The hackers have been responsible for creating software that directly affects computers, managing to mine Monero and send it to North Korea. So, while privacy and evasion of the law by Monero has brought beneficial consequences, it also presents high risks that must be studied before performing any transaction.
The future of Monero
There is no doubt the future of Monero is projected to be even more open and decentralised, which will make it an even more attractive cryptocurrency for those who have privacy as a premise.
In addition, being one of the few coins that have not been created based on Bitcoin, its potential is unlimited, and its growth in such a short time has proven it. Its future seems really promising and attractive for those looking to invest.
How to buy Monero
The Monero platform recommends that the best way to acquire your XMR tokens is to acquire a Monero wallet before making the first purchase. This is because the platform operates with its own wallet and this, in turn, is compatible with many operating systems. Then, you will need to choose the type of exchange you want to make, whether you will use fiat money to make the purchase or another cryptocurrency.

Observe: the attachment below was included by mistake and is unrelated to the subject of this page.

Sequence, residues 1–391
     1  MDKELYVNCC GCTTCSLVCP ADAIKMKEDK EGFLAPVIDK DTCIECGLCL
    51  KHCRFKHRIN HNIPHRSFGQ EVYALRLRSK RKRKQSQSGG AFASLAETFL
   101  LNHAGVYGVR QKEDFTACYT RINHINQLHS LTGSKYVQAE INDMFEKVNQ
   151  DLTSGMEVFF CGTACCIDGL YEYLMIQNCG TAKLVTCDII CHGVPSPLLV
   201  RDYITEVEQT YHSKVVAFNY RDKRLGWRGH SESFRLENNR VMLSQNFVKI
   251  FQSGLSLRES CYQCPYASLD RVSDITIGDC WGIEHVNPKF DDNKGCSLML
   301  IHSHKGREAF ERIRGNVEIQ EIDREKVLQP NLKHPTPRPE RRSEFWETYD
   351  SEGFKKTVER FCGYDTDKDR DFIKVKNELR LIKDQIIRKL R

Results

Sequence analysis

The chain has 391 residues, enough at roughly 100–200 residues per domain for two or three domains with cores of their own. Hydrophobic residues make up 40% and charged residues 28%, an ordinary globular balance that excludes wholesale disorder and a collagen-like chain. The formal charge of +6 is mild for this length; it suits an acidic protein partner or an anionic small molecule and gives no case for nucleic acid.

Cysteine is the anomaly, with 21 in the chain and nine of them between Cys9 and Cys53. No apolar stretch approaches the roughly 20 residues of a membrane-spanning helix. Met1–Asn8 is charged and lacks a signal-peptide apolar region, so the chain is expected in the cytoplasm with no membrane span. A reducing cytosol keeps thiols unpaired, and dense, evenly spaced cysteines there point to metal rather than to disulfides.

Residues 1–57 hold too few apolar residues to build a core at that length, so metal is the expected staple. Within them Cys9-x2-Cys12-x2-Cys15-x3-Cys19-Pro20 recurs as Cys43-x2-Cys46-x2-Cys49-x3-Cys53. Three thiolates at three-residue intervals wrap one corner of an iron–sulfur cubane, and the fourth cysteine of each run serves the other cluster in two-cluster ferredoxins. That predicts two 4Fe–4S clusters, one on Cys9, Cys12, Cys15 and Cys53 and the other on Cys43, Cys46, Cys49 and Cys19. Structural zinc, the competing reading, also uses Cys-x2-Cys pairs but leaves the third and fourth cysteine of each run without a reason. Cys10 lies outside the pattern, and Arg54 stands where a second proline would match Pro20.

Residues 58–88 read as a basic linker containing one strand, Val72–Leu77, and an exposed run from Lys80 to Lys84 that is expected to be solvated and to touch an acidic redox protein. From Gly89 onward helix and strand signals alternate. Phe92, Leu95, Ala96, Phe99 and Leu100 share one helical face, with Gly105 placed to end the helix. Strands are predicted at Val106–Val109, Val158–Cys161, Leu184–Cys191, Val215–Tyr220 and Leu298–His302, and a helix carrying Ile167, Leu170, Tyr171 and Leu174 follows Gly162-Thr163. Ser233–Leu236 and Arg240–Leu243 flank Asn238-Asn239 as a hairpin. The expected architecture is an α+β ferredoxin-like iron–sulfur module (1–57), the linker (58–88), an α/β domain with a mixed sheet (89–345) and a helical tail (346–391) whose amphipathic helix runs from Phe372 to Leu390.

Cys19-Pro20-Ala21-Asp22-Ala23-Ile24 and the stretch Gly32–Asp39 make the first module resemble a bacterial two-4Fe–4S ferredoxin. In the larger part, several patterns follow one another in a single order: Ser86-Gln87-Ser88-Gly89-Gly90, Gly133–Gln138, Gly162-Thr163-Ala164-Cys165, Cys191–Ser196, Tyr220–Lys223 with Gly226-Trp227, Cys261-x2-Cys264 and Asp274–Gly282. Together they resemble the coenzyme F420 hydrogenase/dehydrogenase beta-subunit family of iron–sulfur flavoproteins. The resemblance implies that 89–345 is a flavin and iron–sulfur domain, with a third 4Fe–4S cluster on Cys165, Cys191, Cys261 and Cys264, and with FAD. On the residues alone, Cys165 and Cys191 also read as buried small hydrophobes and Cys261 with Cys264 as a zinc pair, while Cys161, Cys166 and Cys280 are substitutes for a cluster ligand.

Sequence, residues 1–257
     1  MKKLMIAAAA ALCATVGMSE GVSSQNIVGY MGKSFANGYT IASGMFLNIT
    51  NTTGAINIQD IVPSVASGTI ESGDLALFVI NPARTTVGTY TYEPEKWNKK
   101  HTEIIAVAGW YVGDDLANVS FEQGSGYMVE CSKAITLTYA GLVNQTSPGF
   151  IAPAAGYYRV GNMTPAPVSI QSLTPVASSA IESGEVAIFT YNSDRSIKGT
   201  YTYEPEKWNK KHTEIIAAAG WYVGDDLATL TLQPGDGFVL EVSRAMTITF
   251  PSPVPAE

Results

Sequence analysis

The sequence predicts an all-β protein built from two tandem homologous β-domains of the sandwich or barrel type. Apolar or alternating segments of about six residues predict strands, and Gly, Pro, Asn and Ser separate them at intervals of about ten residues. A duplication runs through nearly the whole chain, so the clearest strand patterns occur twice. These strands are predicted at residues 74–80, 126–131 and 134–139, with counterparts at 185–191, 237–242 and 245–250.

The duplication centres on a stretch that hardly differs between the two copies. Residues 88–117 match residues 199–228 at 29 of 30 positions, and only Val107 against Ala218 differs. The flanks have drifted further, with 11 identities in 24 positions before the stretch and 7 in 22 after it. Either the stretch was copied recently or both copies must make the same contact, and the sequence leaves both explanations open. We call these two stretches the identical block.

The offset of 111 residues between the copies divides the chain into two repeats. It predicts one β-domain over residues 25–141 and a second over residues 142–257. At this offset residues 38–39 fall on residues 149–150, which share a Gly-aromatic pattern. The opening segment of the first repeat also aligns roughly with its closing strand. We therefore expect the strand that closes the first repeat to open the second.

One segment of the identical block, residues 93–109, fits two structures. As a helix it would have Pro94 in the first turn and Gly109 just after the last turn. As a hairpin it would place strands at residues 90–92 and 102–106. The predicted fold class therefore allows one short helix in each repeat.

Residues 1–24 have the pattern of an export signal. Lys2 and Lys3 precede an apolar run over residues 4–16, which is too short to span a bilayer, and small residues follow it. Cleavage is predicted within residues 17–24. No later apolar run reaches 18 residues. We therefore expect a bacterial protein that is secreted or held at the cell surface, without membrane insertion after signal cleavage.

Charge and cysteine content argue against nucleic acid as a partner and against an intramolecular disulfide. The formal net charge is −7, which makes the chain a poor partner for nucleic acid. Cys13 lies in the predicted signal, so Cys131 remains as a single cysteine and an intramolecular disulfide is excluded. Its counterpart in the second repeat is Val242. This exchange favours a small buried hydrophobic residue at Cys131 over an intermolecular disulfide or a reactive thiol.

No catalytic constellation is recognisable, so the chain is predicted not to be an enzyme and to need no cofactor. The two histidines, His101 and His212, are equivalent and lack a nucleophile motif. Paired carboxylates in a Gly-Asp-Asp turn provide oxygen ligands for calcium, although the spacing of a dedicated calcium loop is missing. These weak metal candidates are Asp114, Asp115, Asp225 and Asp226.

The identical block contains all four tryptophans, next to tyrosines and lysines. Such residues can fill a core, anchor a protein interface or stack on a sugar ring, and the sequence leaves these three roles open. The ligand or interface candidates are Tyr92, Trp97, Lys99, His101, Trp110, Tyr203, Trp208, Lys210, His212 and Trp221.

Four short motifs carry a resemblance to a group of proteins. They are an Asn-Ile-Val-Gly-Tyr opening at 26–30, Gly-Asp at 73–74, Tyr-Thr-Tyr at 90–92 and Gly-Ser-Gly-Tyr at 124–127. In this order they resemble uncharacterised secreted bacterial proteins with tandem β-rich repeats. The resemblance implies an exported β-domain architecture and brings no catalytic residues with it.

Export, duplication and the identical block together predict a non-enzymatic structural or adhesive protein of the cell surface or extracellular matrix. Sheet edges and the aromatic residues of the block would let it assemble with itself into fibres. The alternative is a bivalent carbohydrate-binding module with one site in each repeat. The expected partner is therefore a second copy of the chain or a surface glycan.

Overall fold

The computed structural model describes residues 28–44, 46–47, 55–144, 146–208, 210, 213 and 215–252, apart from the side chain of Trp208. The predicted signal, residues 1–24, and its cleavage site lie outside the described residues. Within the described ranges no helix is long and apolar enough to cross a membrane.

Bear in mind that the purchase or exchange of cryptocurrencies involves a series of difficulties. For example, registering in the market, verifying the account or encountering hackers who steal your funds. In addition, and due to the market's high volatility, you run great risks of losing money. One of the clearest examples can be seen with Bitcoin and the depreciation of its token value.
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Disclaimer: The information in this article is not intended to be and does not constitute investment advice or any other form of advice or recommendation of any sort offered or endorsed by Libertex. Past performance does not guarantee future results.